WHITBREAD HAS announced that it will be taking a “wide range of actions” following the discovery of horse meat in two of its products last week.
The leisure group’s boss has also criticised other hospitality businesses for failing to get involved in the current testing regime.
A statement today by the leisure group, which owns chains including Beefeater and Brewers Fayre, outlined how it will be establishing a new system to trace processed meats from field to fork. Independent batch testing of processed meats will also be extended and a requirement for suppliers to have certification for all processed meat products will be introduced.
A spokesman said a tougher regime of testing was required: “It has become clear that this is a Europe wide issue of quality control within parts of the processed meat supply chain, supplying many restaurants and retailers. The situation is totally unacceptable and we are determined to play our part in repairing a flawed system.”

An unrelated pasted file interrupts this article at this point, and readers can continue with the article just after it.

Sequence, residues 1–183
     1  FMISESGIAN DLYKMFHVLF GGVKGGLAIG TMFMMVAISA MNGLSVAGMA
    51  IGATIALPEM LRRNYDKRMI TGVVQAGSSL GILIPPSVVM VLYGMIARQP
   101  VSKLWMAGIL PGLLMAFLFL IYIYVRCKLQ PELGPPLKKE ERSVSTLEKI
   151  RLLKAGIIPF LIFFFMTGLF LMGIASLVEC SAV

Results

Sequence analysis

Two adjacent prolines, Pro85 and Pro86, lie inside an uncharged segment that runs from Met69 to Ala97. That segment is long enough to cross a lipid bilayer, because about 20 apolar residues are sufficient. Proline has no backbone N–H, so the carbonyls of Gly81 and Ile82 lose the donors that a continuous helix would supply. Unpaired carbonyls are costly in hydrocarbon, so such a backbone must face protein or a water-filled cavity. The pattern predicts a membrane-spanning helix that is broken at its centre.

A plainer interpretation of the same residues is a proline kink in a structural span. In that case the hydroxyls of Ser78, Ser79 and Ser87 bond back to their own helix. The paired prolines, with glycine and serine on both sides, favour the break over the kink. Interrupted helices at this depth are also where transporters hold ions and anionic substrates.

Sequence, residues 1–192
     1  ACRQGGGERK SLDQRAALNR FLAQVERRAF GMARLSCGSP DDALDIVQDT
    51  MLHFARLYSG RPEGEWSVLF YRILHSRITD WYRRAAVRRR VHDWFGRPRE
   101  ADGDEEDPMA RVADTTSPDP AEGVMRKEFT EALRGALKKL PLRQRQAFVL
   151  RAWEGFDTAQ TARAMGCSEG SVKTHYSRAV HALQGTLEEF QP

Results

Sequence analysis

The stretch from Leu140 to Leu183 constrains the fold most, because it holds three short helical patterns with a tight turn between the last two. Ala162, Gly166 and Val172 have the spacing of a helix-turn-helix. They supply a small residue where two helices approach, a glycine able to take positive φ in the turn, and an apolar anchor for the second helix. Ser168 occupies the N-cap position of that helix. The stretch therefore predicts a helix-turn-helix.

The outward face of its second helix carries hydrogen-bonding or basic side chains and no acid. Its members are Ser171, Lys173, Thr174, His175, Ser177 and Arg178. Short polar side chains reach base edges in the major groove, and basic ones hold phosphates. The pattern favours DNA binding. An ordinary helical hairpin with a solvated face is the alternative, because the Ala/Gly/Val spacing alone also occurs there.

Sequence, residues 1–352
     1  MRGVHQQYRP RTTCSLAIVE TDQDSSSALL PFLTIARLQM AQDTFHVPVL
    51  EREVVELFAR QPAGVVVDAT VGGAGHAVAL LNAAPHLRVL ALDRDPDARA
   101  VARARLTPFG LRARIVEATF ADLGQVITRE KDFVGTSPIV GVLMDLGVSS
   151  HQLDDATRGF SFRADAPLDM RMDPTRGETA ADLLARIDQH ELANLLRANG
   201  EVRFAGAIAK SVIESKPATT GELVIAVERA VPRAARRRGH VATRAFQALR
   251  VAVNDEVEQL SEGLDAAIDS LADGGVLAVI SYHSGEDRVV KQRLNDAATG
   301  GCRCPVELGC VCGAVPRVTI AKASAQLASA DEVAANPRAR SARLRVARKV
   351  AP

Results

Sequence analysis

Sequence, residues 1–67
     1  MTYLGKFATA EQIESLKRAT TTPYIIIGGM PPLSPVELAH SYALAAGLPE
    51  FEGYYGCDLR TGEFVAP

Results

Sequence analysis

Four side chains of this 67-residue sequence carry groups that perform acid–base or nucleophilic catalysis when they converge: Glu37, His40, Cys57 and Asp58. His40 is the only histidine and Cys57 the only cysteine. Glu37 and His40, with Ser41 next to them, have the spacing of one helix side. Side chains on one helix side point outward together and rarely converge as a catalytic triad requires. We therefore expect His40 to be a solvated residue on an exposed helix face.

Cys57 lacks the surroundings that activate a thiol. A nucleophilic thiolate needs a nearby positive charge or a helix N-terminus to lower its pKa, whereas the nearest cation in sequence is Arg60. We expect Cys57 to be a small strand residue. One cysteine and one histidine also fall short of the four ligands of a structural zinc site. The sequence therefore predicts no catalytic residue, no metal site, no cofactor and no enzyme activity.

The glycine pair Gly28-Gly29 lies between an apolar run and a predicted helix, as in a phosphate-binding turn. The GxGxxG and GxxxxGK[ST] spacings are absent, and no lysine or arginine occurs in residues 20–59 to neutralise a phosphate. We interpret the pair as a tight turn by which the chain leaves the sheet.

“As a major player within the industry we intend to take an active role and assist the Food Standards Agency in setting the standards in the food supply chain that the UK public expect and deserve,” he added.
Chief executive Andy Harrison has also hinted that some food businesses were failing to respond to the crisis with a number of major retailers and wholesalers remaining absent from the Food Standard Agency’s list of firms to have submitted test results.
He told the Guardian: “The suppliers who supply us [Whitbread] also supply many of our competitors. There are very many well-known names that are not there [on the FSA’s list].”
Harrison today published the company’s financial results. Sales across the company rose 2.7% in the 11 weeks to February 14th and 16.9% for the 50 weeks to the same date. However, Sky reported that shares had fallen on the back of the testing regime announcement.